Study Population

We will study up to one hundred fifty-two healthy, right-handed volunteers who are 18 to 50 years old.


In phase I of the study, volunteers will be seated in front of a computer monitor with their right hands on a keyboard and respond to visual cues presented on the monitor by pressing the associated, finger-specific keys as quickly and accurately as possible. Each volunteer will be presented only the standard visuospatial or the novel mirror cues, defining the two reaction time task paradigms and experimental groups. In phases II and III of the study, a similar task will take place while subjects undergo magnetic resonance imaging scanning either in the presence or absence of an odor. In addition to the motor learning tasks above, volunteers will have the option to participate in genetic testing for normal genetic variability that may affect motor learning.

Outcome Measure

The primary outcomes are motor learning and awareness, which will be measured by the key-press reaction time and accuracy, respectively.

Study Type : Observational
Actual Enrollment : 76 participants
Time Perspective: Prospective
Official Title: Exploring a Motor Learning Technique Based on the Mirror Motor Neuron System
Study Start Date : March 25, 2009
Study Completion Date : May 3, 2012

Information from the National Library of Medicine

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Ages Eligible for Study:   18 Years to 50 Years   (Adult)
Sexes Eligible for Study:   All
Accepts Healthy Volunteers:   No
  • Age 18-50 years
  • Right-handedness


  • Arthritis or other physically limiting disability, amputation, or significant trauma of either hand
  • Professional musician or stenographer
  • Persistent neurologic deficit of cognition, movement, or sensation or any history of a central nervous system lesion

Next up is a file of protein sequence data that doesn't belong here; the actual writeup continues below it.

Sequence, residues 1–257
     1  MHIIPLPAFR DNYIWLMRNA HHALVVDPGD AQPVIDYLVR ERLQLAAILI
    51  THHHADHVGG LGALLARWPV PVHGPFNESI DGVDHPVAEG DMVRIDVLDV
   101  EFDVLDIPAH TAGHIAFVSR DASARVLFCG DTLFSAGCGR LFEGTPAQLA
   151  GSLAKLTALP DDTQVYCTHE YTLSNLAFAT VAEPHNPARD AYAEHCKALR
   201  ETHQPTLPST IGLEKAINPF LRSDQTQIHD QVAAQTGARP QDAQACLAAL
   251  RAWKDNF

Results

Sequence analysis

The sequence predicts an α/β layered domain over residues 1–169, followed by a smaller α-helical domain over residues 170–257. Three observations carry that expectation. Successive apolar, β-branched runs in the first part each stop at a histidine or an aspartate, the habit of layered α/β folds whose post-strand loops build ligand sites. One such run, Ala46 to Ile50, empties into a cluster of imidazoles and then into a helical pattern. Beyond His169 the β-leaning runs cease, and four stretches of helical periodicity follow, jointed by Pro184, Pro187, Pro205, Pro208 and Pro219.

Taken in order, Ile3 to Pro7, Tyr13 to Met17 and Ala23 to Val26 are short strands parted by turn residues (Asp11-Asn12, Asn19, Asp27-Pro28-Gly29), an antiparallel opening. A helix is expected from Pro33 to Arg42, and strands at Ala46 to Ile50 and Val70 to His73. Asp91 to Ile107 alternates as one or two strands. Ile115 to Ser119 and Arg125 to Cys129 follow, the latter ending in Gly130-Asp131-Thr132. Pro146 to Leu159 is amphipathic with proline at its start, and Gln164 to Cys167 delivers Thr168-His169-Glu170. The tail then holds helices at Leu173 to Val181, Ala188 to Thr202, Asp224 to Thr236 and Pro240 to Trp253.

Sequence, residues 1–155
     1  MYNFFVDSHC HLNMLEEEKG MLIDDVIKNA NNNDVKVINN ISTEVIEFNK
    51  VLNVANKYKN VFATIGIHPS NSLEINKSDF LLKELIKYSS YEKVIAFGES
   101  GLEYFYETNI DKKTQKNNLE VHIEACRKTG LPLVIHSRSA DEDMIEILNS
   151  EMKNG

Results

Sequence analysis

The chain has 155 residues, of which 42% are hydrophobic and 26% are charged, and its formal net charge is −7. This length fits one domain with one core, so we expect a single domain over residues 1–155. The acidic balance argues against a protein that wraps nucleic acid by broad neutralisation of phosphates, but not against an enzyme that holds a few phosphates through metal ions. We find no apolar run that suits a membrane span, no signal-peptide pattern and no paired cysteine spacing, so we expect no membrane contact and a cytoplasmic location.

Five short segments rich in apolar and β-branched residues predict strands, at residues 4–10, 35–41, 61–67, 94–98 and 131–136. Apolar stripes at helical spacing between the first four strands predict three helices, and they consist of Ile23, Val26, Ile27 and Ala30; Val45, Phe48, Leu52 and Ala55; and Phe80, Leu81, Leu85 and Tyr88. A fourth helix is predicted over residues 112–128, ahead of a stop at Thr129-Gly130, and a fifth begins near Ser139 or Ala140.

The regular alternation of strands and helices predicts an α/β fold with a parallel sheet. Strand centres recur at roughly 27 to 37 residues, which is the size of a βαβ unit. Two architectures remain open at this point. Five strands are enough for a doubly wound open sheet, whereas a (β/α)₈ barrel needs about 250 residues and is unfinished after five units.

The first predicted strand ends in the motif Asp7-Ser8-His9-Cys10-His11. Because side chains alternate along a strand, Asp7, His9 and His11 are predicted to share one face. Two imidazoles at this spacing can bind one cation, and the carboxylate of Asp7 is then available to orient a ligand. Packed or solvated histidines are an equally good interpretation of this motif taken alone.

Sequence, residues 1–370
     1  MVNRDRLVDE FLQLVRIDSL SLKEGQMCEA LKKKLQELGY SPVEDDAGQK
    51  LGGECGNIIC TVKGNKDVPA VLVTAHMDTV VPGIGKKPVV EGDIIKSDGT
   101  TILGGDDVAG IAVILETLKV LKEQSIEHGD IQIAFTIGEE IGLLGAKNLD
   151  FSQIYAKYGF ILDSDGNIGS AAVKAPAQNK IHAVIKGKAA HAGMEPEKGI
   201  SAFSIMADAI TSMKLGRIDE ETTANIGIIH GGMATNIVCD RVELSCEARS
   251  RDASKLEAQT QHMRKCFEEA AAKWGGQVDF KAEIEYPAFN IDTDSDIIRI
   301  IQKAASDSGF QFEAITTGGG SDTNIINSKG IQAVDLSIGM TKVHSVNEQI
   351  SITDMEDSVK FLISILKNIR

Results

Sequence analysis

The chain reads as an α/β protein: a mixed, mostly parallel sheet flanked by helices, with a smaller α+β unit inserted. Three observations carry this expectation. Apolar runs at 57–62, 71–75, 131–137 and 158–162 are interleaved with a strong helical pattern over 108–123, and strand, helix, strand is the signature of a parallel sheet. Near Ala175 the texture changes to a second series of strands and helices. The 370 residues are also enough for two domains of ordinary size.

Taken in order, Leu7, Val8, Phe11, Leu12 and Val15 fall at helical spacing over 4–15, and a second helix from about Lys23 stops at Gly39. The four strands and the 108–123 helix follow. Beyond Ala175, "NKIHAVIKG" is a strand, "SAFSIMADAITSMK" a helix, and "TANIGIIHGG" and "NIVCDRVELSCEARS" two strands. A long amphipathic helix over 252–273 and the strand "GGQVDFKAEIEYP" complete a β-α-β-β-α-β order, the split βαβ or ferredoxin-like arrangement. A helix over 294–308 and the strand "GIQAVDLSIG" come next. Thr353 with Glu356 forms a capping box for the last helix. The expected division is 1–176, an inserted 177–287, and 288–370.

• Regular use of any neurotropic or psychotropic medication (e.g., narcotic analgesic, anxiolytic, anti-histamine) or any use within twenty-four hours of the motor learning task.
  • Blindness or visual acuity lower than necessary to distinguish visual stimuli on the display monitor
  • Impaired decisional capacity or inability to provide informed consent
  • Previous experience with a serial reaction time task type of study
  • Nasopharyngeal illness, injury, or dysfunction (Phase III only)
  • Inability to smell odorized air during screening exam (Phase III only)
  • Pregnancy (Phases II and III only)

Information from the National Library of Medicine

To learn more about this study, you or your doctor may contact the study research staff using the contact information provided by the sponsor.

Please refer to this study by its identifier (NCT number): NCT00872183

United States, Maryland
National Institutes of Health Clinical Center, 9000 Rockville Pike
Bethesda, Maryland, United States, 20892
Sponsors and Collaborators
National Institute of Neurological Disorders and Stroke (NINDS)
Principal Investigator: Bibiana Bielekova, M.D. National Institute of Neurological Disorders and Stroke (NINDS)